I was able to pick up the new Canon 16-35mm f/4L IS USM lens Tuesday afternoon. I had seen the MTF charts when the lens was announced, they looked great, and recent reviews back that up. Far sharper than the 16-35mm f/2.8L Mark II, especially in the corners, noticeably less chromatic aberration, and with the addition of image stabilization (IS).
The only downside seems to be slightly greater chance of vignetting but the extent will depend upon the camera used, the focal length selected and the aperture used. Some might say the maximum f/4 aperture is a downside but I don’t see it that way. I rarely used my 16-35mm f/2.8 L Mark II wide open because the corners were too much of a mess and the chromatic aberration could be an issue. The 16-35mm f/2.8 L Mark II was better than the original Mark I lens but there was still lots of room for improvement.
Here’s a quick test done Tuesday evening, looking at how the lens handles sharpness and image stabilization on a Canon C300 video camera.
This was shot at 23.97p, 180 deg. shutter, 16mm (~24mm equivalent), handheld and with IS on. ISO and f-stop for each clip as marked. The footage was shot in C-log and graded in FCP X. No stabilization or sharpening was added in post.
Overall, I am very impressed. The edge to edge sharpness looks great (keep in mind though that the C300 has ~1.5x lens factor, so testing on a full-frame body is still needed) and the IS looks superb. No staccato jumps as the IS tries to do its job, it’s very smooth. Probably about the smoothest I’ve seen from a Canon lens. The IS only makes a tiny bit of noise when it is turned on.
I’m looking forward to seeing how the lens performs on a full-frame body.
Music: Miss Emma – Une Glace au Citron.
Update – 07/06/14: I did another test looking at the 16-35mm f/4L IS USM’s consistency in terms of exposure throughout the zoom range at three different apertures. 16mm – 35mm at f/4, f/8, and f/16. This test was done a Canon 1D X (full-frame body).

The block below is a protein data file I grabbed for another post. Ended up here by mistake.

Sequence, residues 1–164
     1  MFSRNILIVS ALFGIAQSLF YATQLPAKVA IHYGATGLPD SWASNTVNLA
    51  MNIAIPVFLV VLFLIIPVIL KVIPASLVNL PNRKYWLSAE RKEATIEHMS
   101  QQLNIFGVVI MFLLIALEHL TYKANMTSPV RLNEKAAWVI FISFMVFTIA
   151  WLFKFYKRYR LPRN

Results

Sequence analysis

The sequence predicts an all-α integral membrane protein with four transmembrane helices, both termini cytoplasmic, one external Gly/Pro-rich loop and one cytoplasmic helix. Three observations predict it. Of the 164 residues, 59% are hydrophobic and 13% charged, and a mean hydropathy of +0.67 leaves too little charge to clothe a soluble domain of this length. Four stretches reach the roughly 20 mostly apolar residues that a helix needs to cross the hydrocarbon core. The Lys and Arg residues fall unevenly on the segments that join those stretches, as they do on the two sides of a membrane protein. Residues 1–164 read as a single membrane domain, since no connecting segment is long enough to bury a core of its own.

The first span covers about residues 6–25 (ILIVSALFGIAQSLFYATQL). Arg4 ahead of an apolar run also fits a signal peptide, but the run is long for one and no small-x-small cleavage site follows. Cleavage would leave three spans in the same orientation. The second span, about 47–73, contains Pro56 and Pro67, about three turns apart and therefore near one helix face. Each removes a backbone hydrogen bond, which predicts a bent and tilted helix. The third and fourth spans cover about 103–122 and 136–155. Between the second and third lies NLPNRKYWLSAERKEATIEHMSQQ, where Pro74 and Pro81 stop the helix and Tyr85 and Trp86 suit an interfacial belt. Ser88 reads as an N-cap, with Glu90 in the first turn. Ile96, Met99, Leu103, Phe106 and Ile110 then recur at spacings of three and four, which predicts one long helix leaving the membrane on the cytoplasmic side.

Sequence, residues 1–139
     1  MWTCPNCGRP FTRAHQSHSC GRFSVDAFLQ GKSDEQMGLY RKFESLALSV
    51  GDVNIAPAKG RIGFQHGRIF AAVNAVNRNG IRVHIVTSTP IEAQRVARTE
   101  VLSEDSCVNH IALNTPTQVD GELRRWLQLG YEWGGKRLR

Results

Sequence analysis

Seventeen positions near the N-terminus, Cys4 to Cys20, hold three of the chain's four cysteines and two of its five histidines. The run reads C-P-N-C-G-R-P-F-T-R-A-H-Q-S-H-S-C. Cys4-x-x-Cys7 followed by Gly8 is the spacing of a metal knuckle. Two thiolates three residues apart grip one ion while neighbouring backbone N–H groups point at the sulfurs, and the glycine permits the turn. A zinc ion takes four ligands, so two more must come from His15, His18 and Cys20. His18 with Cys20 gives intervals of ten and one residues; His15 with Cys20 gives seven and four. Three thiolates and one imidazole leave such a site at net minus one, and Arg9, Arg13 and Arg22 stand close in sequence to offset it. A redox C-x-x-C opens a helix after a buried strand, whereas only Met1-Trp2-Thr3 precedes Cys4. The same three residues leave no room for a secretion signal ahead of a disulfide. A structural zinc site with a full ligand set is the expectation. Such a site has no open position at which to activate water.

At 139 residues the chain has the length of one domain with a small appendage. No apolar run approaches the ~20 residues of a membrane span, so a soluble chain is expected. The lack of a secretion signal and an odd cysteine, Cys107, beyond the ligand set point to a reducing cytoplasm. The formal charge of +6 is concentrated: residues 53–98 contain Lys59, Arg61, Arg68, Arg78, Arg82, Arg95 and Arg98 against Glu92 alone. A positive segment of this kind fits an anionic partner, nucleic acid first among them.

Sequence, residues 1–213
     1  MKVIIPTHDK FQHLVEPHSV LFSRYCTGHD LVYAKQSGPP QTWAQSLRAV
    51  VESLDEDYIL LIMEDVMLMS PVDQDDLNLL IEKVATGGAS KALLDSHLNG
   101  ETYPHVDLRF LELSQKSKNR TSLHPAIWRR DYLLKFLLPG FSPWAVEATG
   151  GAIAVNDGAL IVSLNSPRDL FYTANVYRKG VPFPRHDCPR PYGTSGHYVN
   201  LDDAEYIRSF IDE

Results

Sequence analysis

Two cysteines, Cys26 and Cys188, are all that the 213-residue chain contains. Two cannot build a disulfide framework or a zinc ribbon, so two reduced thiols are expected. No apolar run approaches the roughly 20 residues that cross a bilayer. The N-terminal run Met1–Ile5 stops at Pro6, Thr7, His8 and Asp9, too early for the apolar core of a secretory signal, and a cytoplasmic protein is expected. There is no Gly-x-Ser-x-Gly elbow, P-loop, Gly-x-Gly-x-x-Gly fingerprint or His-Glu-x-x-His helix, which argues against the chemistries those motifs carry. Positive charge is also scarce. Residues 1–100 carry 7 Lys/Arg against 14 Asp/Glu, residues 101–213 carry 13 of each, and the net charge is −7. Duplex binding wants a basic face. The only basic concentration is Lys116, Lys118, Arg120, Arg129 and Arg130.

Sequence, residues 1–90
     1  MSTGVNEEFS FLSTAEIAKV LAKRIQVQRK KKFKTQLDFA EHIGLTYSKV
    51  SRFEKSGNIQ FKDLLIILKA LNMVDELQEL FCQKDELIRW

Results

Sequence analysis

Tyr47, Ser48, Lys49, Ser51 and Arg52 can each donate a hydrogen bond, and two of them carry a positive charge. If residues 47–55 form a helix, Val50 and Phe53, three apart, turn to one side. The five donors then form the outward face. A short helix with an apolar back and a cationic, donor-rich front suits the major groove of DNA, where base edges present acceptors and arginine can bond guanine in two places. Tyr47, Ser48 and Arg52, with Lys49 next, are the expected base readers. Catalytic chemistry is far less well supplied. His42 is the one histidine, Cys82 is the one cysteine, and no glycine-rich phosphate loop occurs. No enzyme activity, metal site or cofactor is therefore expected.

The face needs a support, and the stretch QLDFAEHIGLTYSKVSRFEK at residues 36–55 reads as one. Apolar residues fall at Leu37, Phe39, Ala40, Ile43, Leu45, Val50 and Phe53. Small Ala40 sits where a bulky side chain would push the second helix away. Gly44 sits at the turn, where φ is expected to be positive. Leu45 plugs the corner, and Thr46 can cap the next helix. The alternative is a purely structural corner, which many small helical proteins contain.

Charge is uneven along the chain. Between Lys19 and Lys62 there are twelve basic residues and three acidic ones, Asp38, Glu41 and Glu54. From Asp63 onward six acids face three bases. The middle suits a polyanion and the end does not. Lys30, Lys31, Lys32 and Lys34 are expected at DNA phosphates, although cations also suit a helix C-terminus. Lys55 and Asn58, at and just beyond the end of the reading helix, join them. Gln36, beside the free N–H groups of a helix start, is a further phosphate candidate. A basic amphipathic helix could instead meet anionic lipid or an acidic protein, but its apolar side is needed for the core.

The lens looks to be very consistent in terms of exposure. During the test the meter reading in the camera did not fluctuate more than ⅓ of a stop between 16mm and 35mm. The test was done outside in open shade, so not a studio setting. Factoring that in, I’d say the exposure change throughout the zoom range is insignificant.
There is some vignetting visible wide open, at f/4. It is not seen at f/8 or f/16.
Back in February I mentioned Zacuto’s new top plate and handle for the C300. The C300′s slightly wiggly plastic handle has always bothered me and this looked promising. It’s a wrap-over top plate Zacuto calls, the C300/500 Helmet, which connects to the C300 at three points and a quick release handle based on the NATO rail standard.
I just had it here in the studio for about a week but in the end I returned it. The handle is beautifully made and very comfortable. The helmet/top plate is rock solid. The quick release connector for the cold shoe (C300 monitor) is very nice and does away with need to rotate the monitor’s shoe locks.